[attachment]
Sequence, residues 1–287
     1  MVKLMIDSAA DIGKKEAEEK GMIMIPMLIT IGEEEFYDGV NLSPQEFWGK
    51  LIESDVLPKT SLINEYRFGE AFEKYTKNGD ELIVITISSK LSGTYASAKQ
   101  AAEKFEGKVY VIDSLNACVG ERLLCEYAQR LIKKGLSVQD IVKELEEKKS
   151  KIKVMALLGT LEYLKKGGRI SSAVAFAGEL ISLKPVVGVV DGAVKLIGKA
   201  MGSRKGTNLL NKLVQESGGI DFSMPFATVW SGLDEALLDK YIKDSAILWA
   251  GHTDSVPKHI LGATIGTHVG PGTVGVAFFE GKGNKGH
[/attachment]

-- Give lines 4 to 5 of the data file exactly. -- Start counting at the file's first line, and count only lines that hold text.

   101  AAEKFEGKVY VIDSLNACVG ERLLCEYAQR LIKKGLSVQD IVKELEEKKS
   151  KIKVMALLGT LEYLKKGGRI SSAVAFAGEL ISLKPVVGVV DGAVKLIGKA